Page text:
They asked the chief justice Friday to temporarily block the law, saying Congress had passed it incorrectly by starting it in the Senate instead of the House. Revenue-raising bills are supposed to originate in the lower chamber. They also wanted blocked doctor registration requirements they say will make it harder for independent non-Medicare physicians to treat Medicare-eligible patients.

Still pending is a decision on a temporary block on the law’s contraceptive coverage requirements, which was challenged by a group of nuns.

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Justice Department Calls In The Big Guns To Stop Voter Suppression

Pamela Karlan

Pamela Karlan

This post is a couple of days old but very relevant in the months to come…

Think Progress

It’s difficult to exaggerate the prominence Stanford Law Professor Pam Karlan enjoys within the progressive legal community. Karlan is one of the most active members of the Supreme Court bar — among other things, she co-authored the brief that convinced the justices to strike down the anti-gay Defense of Marriage Act last June. She is a former litigator for the NAACP Legal Defense Fund, and she is among the most widely regarded voting rights experts in the nation. If President Obama had shown more courage in the early years of his presidency, or if Senate Democrats had deployed the nuclear option sooner, she would be a federal appellate judge today. Many Court watchers, including myself, would choose her if we could place only one person on the Supreme Court.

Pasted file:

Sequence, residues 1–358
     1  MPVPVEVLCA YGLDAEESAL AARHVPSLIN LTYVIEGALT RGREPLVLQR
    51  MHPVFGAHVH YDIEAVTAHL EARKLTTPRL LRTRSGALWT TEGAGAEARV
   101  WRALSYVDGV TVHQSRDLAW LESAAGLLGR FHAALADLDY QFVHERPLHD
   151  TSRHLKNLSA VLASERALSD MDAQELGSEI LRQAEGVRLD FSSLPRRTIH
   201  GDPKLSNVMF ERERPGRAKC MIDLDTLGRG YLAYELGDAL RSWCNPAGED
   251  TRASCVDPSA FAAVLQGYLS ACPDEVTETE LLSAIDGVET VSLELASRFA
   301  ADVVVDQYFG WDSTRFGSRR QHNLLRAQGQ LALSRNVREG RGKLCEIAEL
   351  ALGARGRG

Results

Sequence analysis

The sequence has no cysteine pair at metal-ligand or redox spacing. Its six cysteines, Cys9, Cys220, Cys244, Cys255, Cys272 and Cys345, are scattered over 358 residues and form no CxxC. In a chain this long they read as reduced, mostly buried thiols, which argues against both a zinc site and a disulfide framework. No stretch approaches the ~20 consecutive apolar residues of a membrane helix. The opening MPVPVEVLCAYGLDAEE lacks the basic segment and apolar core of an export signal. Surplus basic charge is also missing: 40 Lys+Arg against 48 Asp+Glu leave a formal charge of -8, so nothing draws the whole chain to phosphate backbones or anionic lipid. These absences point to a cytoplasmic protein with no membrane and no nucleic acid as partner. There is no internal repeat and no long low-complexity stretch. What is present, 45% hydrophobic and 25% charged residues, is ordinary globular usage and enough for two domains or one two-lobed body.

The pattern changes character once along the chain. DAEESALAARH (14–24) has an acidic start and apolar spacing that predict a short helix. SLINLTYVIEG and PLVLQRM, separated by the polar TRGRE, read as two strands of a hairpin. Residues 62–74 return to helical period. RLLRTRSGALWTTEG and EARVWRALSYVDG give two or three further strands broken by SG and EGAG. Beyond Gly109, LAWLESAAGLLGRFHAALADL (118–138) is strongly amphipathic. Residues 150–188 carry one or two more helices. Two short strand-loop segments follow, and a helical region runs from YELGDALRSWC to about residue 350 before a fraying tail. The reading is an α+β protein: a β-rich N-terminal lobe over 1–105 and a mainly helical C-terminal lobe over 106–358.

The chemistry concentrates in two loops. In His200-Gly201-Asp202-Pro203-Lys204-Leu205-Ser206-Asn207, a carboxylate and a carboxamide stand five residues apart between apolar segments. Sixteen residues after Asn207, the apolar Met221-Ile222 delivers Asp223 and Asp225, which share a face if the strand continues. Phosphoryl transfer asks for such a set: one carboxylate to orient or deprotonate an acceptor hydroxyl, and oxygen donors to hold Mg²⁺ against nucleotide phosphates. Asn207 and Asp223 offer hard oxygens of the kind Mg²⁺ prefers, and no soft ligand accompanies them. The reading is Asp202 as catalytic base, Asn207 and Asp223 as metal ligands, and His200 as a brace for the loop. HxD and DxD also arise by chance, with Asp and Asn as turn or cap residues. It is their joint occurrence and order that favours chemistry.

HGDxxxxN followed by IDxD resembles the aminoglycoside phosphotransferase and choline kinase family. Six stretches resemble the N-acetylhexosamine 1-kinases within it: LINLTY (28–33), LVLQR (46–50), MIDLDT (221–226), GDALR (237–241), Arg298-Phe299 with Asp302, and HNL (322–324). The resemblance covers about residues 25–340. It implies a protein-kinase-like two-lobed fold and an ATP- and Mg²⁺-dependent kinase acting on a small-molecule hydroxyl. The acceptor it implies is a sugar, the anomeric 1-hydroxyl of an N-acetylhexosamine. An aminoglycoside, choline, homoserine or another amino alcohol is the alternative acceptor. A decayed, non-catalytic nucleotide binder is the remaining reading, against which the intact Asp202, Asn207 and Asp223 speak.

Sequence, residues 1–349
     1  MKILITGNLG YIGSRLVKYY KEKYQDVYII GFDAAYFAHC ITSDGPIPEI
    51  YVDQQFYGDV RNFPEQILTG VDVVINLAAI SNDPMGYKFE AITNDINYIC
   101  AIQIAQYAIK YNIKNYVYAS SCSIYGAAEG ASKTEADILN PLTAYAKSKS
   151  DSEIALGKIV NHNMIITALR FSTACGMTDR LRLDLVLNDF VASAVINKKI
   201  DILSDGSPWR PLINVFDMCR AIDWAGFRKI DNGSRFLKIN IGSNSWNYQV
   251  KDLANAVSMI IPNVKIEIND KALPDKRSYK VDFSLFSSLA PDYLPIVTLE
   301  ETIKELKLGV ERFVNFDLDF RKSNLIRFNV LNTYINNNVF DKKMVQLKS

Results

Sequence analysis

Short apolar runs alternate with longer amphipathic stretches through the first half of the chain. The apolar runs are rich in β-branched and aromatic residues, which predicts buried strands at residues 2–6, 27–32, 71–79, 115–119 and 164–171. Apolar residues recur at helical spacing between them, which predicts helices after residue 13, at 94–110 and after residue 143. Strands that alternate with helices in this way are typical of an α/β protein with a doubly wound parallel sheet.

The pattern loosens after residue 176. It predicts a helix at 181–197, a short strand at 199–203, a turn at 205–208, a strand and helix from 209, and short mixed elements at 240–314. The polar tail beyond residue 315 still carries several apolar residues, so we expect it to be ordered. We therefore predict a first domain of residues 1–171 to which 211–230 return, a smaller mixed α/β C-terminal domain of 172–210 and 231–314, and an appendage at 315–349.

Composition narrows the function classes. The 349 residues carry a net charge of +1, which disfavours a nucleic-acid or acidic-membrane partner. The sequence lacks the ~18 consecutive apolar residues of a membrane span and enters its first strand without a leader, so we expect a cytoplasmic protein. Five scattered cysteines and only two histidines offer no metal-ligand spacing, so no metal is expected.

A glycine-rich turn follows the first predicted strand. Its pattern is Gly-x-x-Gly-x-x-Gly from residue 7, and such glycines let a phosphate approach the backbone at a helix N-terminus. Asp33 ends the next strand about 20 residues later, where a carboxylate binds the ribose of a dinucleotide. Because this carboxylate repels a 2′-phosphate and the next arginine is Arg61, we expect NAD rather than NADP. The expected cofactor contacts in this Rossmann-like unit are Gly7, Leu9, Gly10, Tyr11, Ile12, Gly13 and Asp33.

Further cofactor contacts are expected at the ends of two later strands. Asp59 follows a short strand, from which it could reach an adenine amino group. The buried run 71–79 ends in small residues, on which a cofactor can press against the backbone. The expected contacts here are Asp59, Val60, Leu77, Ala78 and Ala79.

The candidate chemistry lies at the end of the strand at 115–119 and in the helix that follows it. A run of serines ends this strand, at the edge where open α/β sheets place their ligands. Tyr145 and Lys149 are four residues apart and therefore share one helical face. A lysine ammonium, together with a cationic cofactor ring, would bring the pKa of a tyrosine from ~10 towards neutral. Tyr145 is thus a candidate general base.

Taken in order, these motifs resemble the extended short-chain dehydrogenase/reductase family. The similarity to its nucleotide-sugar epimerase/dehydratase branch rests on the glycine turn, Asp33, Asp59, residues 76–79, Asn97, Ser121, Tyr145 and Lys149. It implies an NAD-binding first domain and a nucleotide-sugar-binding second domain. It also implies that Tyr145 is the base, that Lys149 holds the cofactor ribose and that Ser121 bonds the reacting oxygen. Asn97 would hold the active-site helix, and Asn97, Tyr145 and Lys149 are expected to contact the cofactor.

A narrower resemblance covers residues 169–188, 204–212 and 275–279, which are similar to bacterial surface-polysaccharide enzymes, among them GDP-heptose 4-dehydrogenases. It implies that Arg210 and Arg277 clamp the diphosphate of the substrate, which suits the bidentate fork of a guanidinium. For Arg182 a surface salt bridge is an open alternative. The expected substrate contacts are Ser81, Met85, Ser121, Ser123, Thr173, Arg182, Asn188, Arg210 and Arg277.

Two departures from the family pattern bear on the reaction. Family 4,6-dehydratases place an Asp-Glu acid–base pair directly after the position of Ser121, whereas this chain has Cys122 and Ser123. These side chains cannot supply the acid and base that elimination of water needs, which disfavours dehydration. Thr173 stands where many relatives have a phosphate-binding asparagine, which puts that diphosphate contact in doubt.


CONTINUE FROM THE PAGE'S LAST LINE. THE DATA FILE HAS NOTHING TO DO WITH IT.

So when the Justice Department revealed on Friday that Karlan would become the nation’s top voting rights attorney, it was as if Marsellus Wallace called up the many voters being disenfranchised in states like Texas and North Carolina, and told them that he’s sending The Wolf.